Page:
“It’s irresistible!”

So said our CEO, Meg, the other day while talking about how she can’t help interrupting her dog-walking to pull up garlic mustard.  That’s about as apt a description as any; I truly think that once you know how destructive this plant is and see just how widespread it is, it becomes imperative for you to remove as much as humanly possible before it goes to seed.

And while it is great to simply yank it up wherever you see it, doing so in the context of the Urban EcoSteward program can prove even more rewarding.  When you take responsibility for a plot of land over the long term, you really start to see the difference from year to year.  (You also see just how long it takes to get rid of this stuff.)

I picked my EcoSteward site (along the Homewood Trail in Frick Park) in 2007 because when I first wandered by it in the springtime, garlic mustard was pretty much the only plant I saw on the ground, with a stray native jewelweed here and there.  The site had other, larger invasives, like privet and bush honeysuckle, but those are comparatively easy to remove–a little elbow grease and a visit from the honeysuckle popper and they’re pretty much done.  

The hillside in 2008

The hillside in 2008

But garlic mustard removal is something that requires a multi-year commitment.  The plant produces no seeds its first year, but it overwinters and produces them in year two.  Obviously the seed-bearing plants are the priority for removal, and often it takes all your available time just tending to those.  But I tend to get a little obsessive, and if I’m working in an area where there are a ton of first-year plants, I try to pull as many of them up as I can (rationalizing that it will make my work easier next year).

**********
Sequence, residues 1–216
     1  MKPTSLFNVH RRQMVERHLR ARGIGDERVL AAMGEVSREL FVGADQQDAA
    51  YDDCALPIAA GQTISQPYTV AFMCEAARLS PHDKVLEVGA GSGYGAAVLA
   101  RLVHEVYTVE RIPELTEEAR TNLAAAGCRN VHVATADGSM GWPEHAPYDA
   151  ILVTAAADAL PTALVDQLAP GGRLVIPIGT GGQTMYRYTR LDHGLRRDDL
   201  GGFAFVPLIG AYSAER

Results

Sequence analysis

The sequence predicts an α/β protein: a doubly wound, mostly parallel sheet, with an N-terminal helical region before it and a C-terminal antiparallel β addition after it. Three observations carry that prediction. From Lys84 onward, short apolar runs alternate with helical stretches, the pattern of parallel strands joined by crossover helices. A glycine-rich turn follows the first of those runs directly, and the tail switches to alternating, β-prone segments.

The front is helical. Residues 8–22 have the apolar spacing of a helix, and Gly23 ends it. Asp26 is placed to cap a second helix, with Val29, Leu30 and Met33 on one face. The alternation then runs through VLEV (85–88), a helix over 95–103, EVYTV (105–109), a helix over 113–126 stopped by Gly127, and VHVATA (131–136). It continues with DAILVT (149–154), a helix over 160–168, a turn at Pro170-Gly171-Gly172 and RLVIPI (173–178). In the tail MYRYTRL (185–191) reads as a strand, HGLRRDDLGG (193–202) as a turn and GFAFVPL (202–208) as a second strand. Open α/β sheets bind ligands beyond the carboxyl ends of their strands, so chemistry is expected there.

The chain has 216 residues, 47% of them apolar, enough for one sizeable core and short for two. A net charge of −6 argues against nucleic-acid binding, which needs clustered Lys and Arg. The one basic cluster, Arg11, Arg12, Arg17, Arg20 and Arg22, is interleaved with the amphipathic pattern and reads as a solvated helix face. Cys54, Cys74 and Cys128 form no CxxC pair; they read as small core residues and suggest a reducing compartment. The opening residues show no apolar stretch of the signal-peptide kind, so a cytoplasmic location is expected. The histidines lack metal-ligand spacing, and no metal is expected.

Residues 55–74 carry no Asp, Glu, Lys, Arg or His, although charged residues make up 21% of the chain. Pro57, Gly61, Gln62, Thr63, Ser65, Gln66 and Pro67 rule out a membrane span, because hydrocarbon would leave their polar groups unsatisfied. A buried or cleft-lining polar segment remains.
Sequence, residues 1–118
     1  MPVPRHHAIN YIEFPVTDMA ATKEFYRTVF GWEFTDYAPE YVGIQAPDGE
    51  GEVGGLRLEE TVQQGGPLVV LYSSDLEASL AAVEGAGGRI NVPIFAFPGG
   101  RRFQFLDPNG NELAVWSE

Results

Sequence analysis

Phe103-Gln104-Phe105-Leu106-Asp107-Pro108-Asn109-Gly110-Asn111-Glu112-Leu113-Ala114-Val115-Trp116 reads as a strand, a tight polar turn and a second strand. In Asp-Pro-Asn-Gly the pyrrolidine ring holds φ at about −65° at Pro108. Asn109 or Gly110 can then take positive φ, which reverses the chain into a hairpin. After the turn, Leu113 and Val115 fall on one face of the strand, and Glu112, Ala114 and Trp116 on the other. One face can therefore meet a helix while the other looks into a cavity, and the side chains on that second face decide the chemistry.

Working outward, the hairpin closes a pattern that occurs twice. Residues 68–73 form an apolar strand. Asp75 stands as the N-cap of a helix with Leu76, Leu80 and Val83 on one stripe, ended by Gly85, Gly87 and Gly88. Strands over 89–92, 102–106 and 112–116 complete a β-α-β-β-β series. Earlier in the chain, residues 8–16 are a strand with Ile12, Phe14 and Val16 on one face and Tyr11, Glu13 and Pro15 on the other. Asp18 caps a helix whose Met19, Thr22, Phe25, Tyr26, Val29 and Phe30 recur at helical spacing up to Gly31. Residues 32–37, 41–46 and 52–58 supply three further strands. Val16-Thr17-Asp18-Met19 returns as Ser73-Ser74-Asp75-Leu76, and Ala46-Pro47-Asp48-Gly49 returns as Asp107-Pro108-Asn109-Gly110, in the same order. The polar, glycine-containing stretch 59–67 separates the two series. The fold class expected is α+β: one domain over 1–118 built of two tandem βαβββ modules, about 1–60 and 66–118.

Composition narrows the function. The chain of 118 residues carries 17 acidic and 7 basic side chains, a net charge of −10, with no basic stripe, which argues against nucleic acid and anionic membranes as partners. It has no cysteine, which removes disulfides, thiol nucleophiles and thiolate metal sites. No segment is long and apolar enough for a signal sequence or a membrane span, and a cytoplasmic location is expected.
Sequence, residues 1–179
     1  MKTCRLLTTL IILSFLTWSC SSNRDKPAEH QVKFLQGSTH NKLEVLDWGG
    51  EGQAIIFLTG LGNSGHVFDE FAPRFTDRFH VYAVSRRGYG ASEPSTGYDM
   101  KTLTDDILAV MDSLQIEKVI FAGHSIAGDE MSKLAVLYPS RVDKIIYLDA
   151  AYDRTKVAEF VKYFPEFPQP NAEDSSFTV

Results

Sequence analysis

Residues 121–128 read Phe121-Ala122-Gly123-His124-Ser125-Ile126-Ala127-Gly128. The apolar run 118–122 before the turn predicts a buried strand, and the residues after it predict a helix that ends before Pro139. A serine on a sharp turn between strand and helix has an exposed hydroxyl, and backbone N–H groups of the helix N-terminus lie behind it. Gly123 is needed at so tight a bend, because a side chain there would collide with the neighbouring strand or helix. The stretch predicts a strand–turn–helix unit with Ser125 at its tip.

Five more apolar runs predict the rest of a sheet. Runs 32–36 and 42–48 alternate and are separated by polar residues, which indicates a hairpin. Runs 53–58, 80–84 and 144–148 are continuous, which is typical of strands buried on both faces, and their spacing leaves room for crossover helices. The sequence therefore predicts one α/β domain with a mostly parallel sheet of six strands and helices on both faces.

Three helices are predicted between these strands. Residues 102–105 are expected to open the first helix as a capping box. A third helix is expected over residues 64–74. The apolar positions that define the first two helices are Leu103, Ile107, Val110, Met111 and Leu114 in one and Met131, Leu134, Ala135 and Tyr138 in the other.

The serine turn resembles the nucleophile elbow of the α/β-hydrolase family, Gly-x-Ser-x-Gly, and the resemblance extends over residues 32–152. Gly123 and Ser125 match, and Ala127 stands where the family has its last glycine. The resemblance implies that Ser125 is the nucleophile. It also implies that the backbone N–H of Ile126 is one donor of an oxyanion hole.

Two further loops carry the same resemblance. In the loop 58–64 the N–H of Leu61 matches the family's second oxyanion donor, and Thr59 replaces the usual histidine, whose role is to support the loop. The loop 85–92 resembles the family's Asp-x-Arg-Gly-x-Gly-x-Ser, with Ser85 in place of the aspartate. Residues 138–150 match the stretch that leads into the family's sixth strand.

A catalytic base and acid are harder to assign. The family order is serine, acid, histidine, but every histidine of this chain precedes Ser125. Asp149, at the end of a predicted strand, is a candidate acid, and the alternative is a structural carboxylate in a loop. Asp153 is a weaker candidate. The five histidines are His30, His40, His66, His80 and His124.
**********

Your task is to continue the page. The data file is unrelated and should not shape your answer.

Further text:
This is my second spring of pulling garlic mustard on my site.  Last year I came back on three separate occasions; this year, I knocked it all out in an hour and a half.  There’s still a significant amount, but it’s nowhere near the thick blanket that used to cover the hillside.  Instead, I have a growing colony of jewelweed, and it seems like everywhere I turn I uncover a new and interesting native plant: Solomon’s seal, may apple, goldenrod, Virginia creeper, and lots of little tree saplings.   They join the white oaks I planted this winter and the rattlesnake master plants I installed this spring. 

Rattlesnake master.  Isnt it cute?

Rattlesnake master. Isn't it cute?

(As an aside, I’ve seen rattlesnake master described as “a plant only a biologist could love,” which can’t possibly be true because I’m no biologist and I think it’s awesome.  It was so named because people once thought its roots could heal rattlesnake bites – you can read more about it here.)

So don’t despair, those of you who can’t help cringing when you see a huge colony of garlic mustard.  The Parks Conservancy’s volunteers continue to go after it, our EcoStewards especially.  The increasing population of natives on my site is proof that if you commit to working on a site for a few years, you’ll start to see some changes.  And there’s nothing more irresistible than helping to create a healthy habitat.

Want to help rid your favorite park space of garlic mustard?  Read more about the Urban EcoSteward program.

The jewelweed has moved in!

The jewelweed has moved in!

3 thoughts on ““It’s irresistible!”

  1. Funny, I looked it up and thought I remembered it saying rocky stream banks. This plant is versatile, because the plant also appears to be flourishing, despite the deer, at the Riverview Park Chapel Shelter Hill. Go Rattlesnake Master!

  2. Yucca-leaved rattlesnake master or aquatic rattlesnake master? Both are great.

    Should plant (more?) aquatic rattlesnake master along all the sunny wet areas in the parks! Un-extirpate (reintroduce) it!

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